Assyrians showcase unique dances alongside Armenian, Greek, Australian traditions
March 2019 | By Joe Snell | Photos contributed
It might have been the old country. Greeks, Armenians, and Assyrians gathered in celebration. Holding hands. Sharing dances. Telling stories of their great empires.
But this was Melbourne. And the gathered crowd at the Lonsdale Street Greek Festival in Australia were given a taste of three uniquely different and strikingly similar traditions.
The Assyrian Australian Social Development Club (AASDC) was invited by their Greek friends to show off a number of traditional dances, including the Shaykhani and Azien L’Tamma, at the longest running Greek festival in Melbourne. Held on Feb. 23 – 24, the Greek Centre for Contemporary Culture estimates that nearly 150,000 visit the event every year.
“We need to organize more of these festivals to send messages of solidarity between the three nations,” said AASDC Art Committee Officer, Khamo Somo. “We need to be present at the Greek and Armenian cultural events and we as Assyrians need to invite them to our festivals to provide our youth to build deeper connections and long-term relationships.”
On a brightly lit stage in front of thousands of festivalgoers, twelve Assyrians aged 18 to 33 performed into the early evening. The dancers are part of “Ashur Group”. Established in the Victoria region in 2017, the self-funded group of 20 dancers perform at cultural events as well as non-Assyrian events including at the Royal Children Hospital and the Cohesion Festival in Hume city.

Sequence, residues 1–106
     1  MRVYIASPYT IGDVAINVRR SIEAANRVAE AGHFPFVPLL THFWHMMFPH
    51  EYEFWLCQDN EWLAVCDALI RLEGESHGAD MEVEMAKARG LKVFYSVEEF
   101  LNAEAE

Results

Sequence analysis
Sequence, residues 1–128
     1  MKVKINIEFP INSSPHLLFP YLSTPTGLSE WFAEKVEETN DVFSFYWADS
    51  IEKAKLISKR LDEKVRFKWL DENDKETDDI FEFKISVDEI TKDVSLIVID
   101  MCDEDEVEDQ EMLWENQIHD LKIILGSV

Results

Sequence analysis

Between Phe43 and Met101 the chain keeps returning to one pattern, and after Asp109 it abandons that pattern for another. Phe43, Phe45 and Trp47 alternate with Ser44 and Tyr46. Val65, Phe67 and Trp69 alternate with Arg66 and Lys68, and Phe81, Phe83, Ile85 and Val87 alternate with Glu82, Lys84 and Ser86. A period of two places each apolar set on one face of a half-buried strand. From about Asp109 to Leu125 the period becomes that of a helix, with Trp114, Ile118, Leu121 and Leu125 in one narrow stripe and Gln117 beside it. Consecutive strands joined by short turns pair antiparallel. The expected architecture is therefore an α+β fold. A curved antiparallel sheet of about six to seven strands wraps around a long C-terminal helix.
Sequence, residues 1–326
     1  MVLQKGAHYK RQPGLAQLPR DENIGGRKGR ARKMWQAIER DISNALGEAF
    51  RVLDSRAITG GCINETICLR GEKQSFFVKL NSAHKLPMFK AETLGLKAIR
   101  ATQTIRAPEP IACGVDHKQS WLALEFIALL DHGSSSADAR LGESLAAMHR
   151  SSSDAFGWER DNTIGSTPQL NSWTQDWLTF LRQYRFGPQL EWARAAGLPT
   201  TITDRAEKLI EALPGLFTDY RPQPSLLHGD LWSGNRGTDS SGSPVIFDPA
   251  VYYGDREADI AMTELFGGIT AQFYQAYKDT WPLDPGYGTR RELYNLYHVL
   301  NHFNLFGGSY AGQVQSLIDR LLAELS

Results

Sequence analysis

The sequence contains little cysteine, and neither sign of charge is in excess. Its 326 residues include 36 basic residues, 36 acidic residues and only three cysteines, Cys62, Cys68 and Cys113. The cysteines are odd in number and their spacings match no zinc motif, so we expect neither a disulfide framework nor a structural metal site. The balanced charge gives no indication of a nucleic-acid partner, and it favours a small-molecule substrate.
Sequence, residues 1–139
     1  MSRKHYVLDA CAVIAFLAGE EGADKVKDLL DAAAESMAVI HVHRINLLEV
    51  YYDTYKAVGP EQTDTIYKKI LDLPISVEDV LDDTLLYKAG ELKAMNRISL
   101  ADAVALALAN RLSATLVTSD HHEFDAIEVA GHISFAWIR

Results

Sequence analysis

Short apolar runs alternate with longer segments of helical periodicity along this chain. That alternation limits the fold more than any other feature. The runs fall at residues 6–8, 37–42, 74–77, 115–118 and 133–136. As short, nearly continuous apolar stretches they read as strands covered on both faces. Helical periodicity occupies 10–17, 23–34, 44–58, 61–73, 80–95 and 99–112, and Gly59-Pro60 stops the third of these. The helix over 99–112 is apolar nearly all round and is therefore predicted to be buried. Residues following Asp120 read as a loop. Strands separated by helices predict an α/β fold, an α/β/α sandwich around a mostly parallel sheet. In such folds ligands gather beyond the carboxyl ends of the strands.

“Last night we had the pleasure of performing with our Assyrian and Armenian brothers and sisters,” said Peter Stefanidis from the Pontic Greek Community. “We celebrated our solidarity as a people.”
Held at the historic Lonsdale Street Greek Precinct, the Assyrian dancers performed on Feb. 23, an important day for Assyrians known as “The Black Night”. The name originated four years ago in Khabur, Syria when ISIS terrorists launched a deadly assault on 35 Assyrian villages in the region. The attack killed dozens and took hundreds hostage.
The day is remembered by Assyrians around the world through cultural presentations, art exhibits, and educational awareness. The day was especially important for “Ashour Group” as most of its dancers are recently immigrated from Syria.
“We thank our brothers and sisters, the Armenians and Greeks, who stood by our side to reach their wide audience and the broader Victorian community,” said AASDC Community Support Worker Kinda Haroun. “They welcome us to work together and send powerful messages that our nation is alive.”
Founded in 2012, AASDC is a non-profit organization based in Victoria that works toward empowering and providing support to the local Assyrian community. The group places a priority on building local relationships. Some events they have hosted include a Graduation Ceremony (First annual Assyrian graduation ceremony held in Victoria, Australia), sports events, and a Martyrs Day Commemoration.
Learn more about AASDC by visiting their Facebook page.